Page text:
The National Retail Federation (NRF) today joined the Retail Industry Leaders Association (RILA) in calling on the Biden Administration to intervene in faltering West Coast port labor negotiations after container facilities from California to Washington shut down over the weekend when workers walked off the job.
The labor disruptions come as the International Longshore and Warehouse Union (ILWU) and the Pacific Maritime Association (PMA) have failed to reach and ratify a new labor agreement following more than a year of negotiations.
The work stoppage slowed operations at sites including the Ports of Oakland and Los Angeles over the weekend. That was shown by data from supply visibility provider Project44 revealing “an immediate and significant impact” on import and export dwell time out of these ports. Those numbers include a rise in projected export dwell time in the port of Los Angeles from 6.1 days on June 1 before the closures to 11 days on June 4. And likewise, export dwell time is set to rise at the Port of Long Beach from 1.3 days before closure to 7.3 days afterwords.
By slowing or stopping operations at ports up and down the West Coast, the labor pressure could trigger downstream impacts to sectors from retail sales to industrial real estate and supply chain functions, according to the global real estate services firm Savills. When containers stop moving, related effects could keep trucks idling as they wait to haul import freight and it could force ships to remain at sea unloaded, the firm said.
In fact, West Coast ports were already losing market share before the recent stoppage as shippers looked to avoid such delays, according to Savills’ 2023 Ports Report. That trend has already pushed the industrial vacancy rate in Los Angeles up by 170 basis points (bps) over the past year, with some of the greatest increases occurring in port-adjacent submarkets.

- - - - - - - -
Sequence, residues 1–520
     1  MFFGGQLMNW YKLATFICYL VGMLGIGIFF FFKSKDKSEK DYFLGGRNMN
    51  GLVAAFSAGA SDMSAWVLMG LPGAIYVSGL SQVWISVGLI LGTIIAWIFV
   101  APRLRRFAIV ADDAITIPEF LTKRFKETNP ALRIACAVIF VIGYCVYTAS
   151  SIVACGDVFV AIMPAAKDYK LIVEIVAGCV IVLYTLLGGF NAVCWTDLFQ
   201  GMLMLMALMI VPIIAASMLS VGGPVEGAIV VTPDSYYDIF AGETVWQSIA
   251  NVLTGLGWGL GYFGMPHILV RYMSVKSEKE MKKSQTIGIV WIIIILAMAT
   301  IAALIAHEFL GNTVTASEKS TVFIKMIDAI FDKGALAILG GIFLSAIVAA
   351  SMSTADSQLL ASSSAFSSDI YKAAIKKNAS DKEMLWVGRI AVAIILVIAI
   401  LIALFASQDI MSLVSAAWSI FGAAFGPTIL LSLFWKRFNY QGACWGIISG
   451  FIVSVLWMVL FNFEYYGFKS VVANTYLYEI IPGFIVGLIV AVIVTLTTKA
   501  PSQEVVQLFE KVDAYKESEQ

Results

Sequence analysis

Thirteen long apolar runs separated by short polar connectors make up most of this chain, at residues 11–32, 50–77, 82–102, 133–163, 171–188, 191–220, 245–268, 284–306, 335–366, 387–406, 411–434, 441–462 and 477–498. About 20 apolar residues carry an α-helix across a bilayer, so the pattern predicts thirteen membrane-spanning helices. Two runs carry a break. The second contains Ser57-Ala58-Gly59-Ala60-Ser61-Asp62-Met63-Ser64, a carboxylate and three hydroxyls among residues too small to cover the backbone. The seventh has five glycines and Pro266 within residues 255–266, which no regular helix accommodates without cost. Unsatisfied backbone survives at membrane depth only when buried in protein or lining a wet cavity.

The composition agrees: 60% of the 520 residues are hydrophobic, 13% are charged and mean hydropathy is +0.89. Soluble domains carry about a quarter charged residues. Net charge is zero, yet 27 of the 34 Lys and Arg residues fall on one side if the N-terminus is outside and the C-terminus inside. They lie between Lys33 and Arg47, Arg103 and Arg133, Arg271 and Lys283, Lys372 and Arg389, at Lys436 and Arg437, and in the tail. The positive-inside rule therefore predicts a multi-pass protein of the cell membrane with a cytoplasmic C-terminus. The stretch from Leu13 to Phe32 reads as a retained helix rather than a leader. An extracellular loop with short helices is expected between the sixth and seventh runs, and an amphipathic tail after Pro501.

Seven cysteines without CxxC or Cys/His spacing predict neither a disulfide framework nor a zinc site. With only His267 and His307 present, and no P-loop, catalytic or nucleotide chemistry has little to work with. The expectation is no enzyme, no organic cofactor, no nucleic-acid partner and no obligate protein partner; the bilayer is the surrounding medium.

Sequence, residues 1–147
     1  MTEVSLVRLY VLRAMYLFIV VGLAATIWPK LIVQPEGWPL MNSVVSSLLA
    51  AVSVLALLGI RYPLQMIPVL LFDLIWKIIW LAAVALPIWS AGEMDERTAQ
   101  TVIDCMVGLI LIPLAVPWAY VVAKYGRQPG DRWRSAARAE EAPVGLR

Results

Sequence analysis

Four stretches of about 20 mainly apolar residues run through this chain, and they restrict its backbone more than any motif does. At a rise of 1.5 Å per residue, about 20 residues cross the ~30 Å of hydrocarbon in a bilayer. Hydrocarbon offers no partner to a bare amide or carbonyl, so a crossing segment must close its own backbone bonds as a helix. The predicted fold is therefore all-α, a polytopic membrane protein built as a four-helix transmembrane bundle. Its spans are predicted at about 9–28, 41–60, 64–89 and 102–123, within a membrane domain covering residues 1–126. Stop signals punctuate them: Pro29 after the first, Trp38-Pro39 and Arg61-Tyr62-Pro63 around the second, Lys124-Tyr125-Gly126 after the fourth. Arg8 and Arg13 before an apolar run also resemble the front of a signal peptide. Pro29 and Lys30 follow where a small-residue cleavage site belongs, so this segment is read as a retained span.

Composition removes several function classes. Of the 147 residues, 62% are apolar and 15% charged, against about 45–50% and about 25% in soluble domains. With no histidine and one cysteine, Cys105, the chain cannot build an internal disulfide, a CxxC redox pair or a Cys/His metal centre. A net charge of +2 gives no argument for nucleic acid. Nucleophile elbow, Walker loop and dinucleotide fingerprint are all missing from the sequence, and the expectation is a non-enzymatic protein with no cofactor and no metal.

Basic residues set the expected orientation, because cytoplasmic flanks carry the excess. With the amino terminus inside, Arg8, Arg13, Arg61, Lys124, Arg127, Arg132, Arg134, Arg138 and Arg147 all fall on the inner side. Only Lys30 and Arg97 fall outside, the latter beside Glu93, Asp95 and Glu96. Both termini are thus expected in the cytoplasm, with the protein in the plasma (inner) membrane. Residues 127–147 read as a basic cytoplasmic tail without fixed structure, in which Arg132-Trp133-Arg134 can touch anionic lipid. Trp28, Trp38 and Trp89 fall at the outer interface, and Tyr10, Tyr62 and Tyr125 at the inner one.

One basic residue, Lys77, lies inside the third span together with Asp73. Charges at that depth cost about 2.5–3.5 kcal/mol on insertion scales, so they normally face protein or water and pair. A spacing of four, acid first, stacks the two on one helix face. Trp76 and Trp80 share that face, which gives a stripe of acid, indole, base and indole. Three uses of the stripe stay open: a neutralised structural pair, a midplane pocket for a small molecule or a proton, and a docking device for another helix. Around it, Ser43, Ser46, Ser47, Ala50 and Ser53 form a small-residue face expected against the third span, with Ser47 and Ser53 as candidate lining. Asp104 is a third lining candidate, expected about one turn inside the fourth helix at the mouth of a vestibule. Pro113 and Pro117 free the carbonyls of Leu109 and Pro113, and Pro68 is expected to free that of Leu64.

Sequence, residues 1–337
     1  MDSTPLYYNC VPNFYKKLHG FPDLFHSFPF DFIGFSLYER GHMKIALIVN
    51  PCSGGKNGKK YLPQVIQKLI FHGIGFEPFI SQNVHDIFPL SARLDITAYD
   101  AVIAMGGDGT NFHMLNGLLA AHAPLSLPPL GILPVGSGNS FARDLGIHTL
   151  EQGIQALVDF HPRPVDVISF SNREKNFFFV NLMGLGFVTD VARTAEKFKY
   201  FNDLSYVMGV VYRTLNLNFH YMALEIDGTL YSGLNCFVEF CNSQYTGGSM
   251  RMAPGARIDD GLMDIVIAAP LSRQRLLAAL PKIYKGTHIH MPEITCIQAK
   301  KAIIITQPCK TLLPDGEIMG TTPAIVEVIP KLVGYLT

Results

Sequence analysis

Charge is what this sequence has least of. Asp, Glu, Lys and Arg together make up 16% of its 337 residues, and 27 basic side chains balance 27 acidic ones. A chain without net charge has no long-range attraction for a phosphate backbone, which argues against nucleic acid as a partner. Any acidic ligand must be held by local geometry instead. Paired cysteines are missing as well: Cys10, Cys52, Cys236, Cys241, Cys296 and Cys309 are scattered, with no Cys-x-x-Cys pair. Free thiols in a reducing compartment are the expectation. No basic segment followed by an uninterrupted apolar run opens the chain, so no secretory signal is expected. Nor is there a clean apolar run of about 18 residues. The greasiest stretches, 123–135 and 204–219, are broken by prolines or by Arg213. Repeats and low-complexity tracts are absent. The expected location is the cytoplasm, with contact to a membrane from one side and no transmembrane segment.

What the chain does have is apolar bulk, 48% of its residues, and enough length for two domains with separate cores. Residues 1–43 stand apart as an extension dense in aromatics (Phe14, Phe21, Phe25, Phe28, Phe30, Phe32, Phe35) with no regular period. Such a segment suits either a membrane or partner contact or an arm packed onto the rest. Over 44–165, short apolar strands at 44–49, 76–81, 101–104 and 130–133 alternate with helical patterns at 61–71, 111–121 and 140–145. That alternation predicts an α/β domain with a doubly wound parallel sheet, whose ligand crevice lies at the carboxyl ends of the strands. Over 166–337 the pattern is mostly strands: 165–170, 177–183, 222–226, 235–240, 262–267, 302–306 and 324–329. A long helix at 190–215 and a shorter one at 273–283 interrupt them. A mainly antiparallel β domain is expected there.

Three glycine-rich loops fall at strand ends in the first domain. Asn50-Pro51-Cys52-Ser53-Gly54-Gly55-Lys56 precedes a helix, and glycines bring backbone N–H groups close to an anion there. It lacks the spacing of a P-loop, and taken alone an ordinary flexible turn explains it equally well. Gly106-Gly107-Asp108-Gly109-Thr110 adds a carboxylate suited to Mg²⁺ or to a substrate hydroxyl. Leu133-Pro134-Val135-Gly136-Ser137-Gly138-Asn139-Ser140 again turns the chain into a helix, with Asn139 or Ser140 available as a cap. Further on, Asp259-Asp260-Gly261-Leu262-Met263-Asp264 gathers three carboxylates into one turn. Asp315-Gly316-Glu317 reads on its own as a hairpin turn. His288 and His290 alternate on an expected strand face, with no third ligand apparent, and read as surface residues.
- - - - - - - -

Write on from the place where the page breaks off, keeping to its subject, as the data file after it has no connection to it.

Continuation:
Now, following the current work slowdown, additional fallout could include further steps by retailers, manufacturers, and third party logistics providers (3PLs) to shift shipments to East and Gulf Coast seaport markets like Houston, Savannah, and New Jersey, Savills said.
So far, overall congestion levels at West Coast ports are still limited, but the ripple effect of these individual actions will contribute to the build-up of container backlogs, and increase yard congestion just ahead of the start to the back-to-school retail shipping season, according to an email statement by Mirko Woitzik, global director of intelligence solutions at Everstream Analytics. And if the strike actions persist for a number of days or spread to other terminals along the U.S. West Coast, vessel diversions could follow, he said.
The NRF pointed to those impacts as it called for federal intervention in the contract talks. “As we enter the peak shipping season for the holidays, these additional disruptions will force retailers and other important shipping partners to continue to shift cargo away from the West Coast ports until a new labor contract is established,” NRF’s senior vice president of government relations, David French, said in a release. “It is imperative that the parties return to the negotiating table. We urge the administration to mediate to ensure the parties quickly finalize a new contract without additional disruptions.”